As the United States locked down in March 2020, I joined parents across the country in scrambling to find information about schooling options for my three young children (5, 4, and 2.5 at the time). Their private Montessori preschool, like all schools in New York state, transitioned to virtual learning and did its best to deliver curriculum electronically–a situation far outside Maria Montessori’s visionary pedagogy.
I was on maternity leave from my position as a math professor. Juggling a newborn and schooling her siblings from home was challenging, but not without its joys. My children became the highlight of the college classes my husband taught online from our dining room table. Despite the increased family time, we needed to know more about educating our children, especially with the prospect of a long lockdown looming, my paid maternity leave ending, and no day care for the baby. Would we be able to afford sending our children to private school on one salary?
When we moved to New York for work, we learned that our children’s assigned public schools were failing. So we enrolled them in private school. This is something we never thought we’d do as parents. My husband and I are the products of public schools and were both public high school teachers before pursuing our doctoral degrees.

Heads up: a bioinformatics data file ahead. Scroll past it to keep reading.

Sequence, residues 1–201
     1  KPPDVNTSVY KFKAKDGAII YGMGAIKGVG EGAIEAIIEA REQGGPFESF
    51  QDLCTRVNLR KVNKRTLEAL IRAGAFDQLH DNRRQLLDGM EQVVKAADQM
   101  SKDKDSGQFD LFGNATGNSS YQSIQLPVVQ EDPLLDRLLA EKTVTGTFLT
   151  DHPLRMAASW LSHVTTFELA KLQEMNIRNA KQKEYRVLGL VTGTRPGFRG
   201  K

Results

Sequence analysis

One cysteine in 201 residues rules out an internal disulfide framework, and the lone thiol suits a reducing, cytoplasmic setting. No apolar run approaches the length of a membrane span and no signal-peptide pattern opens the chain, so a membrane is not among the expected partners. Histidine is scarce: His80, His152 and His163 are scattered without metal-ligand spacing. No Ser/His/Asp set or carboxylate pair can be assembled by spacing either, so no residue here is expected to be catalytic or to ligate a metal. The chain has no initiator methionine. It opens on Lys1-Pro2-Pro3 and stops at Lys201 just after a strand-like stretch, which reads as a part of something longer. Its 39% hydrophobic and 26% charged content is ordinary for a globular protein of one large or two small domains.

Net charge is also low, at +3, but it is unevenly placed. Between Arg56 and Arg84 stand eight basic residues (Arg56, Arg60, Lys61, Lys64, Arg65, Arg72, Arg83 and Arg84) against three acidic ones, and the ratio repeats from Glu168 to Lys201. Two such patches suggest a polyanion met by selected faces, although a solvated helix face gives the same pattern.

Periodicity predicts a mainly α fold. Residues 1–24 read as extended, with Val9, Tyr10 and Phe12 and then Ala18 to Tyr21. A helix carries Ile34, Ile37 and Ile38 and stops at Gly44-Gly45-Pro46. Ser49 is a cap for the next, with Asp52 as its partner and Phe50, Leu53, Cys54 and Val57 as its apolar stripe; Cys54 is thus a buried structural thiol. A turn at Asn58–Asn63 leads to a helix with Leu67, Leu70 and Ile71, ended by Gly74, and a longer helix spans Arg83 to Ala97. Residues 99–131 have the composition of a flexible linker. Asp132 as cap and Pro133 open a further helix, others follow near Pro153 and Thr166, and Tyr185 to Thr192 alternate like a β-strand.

Fortunately, our children’s private school implemented the necessary public health precautions and resumed in-person learning the following fall. Our city’s public schools remained shuttered. As a professor turned stay-at-home mom, I began researching ways to offset the cost of private school.
I discovered EdChoice.
Their website provided credible information about educational savings accounts and introduced me to the grassroots effort organizing parents to advocate for better schooling options for their children. When I first discovered EdChoice, only two states had educational savings accounts, but, in a short time, that number quadrupled. It was exciting to see parents like myself bringing change to their communities. Now, even more states are considering alternatives to help families choose schooling suitable for their children and methods to afford it.
Inspired by EdChoice’s legislative successes, I contacted Keri Hunter, Vice President of Training and Outreach. She enthusiastically oriented me to the school choice movement. Keri invited me to a screening of the documentary about Kendra Espinoza and mailed me a wealth of resources, including a book on Virginia Walden Ford’s influential story. My grassroots school choice education continued at parent advocate trainings, where we discussed critical issues such as funding public schools, spending transparency, and spreading the word about school choice locally.
It’s been wonderful getting to know the experts at EdChoice. They’re giving a voice to parents like me. I’m excited to join them in their efforts to educate the public about schooling alternatives and make these alternatives a reality nationwide. I am looking forward to attending EdChoice’s 15th Annual Media Training Conference this fall to help amplify their message. And give our children the schools they deserve.
Congratulations on your 25th anniversary! Let’s keep up the good work together.